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Abstract. If genetically distinct morphs coexist under a range of natural conditions, they should have equal long-run fitnesses across a wide range of different stochastic environments. In other words, the sequence and frequency of good and bad environments should not substantially impact long-run growth rates. When different morphs have contrasting life histories that vary with environmental conditions, however, it seems improbable that growth rates can be equivalent across a range of stochastic environments without invoking a strong stabilizing mechanism to explain their persistence. As yet, there has been no research characterizing the long-run stochastic growth rate (lambdaS) of different morphs across a wide range of stochastic environments. Assuming density independence, we show that the two genetic male morphs in the bulb mite (Rhizoglyphus robini-fighters, which are able to kill other mites, and benign scramblers-have similar lambdas in different Markovian environments (different simulated random sequences of good and bad habitats). Elasticity analyses revealed that Xs was most sensitive to perturbation of adult survival rate. A slight (biologically and statistically realistic) increase in scrambler adult survival equalized scrambler and fighter X,. The fitness equivalence of the two morphs suggests that stabilizing mechanisms, such as density or frequency dependence, required to maintain their coexistence, are weak. We advocate that stochastic demography can offer a powerful approach to identify and understand the circumstances under which genetic polymorphisms can be maintained in stochastic environments.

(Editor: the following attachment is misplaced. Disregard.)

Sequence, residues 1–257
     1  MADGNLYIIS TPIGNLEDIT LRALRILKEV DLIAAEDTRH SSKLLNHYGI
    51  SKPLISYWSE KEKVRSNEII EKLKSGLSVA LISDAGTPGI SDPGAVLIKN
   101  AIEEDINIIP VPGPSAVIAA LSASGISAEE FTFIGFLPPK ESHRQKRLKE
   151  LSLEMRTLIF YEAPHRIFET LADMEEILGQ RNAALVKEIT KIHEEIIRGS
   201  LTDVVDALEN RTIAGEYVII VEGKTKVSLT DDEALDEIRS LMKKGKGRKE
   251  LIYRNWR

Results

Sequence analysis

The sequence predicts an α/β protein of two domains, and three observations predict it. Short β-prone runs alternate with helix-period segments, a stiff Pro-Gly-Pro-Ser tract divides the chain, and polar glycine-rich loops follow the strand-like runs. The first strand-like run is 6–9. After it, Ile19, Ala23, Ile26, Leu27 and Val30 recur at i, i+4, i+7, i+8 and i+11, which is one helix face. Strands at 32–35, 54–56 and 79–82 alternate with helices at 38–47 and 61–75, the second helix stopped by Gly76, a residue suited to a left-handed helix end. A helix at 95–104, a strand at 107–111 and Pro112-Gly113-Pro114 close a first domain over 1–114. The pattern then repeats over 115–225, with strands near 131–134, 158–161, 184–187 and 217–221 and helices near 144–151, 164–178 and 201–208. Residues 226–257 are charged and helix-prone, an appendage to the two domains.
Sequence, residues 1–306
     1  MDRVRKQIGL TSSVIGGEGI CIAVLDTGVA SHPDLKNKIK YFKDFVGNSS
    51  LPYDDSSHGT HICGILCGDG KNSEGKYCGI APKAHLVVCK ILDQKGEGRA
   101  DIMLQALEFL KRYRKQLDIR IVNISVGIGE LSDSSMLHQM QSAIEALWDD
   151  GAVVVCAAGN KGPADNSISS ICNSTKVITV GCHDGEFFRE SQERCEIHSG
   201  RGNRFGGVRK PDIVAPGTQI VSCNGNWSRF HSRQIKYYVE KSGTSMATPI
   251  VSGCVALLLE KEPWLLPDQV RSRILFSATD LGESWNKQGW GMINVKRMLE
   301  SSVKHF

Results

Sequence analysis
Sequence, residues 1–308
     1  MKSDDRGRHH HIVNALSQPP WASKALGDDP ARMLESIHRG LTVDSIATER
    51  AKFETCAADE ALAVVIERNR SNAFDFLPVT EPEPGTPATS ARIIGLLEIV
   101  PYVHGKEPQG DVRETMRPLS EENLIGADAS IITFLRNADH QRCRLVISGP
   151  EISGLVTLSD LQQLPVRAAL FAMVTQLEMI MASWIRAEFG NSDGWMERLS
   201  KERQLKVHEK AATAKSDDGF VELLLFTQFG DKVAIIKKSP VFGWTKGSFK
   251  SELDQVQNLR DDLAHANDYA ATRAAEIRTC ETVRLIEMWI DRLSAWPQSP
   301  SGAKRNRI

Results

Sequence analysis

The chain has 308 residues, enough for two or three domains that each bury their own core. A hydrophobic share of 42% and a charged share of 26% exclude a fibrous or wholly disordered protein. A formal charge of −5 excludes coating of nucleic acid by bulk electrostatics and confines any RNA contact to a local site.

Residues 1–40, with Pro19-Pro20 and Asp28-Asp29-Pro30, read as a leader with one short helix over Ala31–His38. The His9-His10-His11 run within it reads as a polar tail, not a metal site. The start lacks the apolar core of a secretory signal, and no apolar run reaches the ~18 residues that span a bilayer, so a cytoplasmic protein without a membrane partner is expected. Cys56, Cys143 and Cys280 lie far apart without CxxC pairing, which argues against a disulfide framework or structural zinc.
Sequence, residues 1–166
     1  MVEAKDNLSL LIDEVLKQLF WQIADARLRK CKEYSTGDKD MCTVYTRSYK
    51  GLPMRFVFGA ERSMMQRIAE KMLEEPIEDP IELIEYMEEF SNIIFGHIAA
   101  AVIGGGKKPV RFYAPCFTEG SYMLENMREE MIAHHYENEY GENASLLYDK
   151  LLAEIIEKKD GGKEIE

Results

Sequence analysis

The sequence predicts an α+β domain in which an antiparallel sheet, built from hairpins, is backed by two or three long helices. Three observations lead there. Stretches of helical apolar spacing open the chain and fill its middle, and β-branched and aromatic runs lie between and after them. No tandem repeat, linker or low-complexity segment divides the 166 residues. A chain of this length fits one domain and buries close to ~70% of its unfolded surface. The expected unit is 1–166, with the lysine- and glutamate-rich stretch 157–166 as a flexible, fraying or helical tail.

Journal article



Publication Date





755 - 764


Animals, Demography, Ecosystem, Male, Mites, Stochastic Processes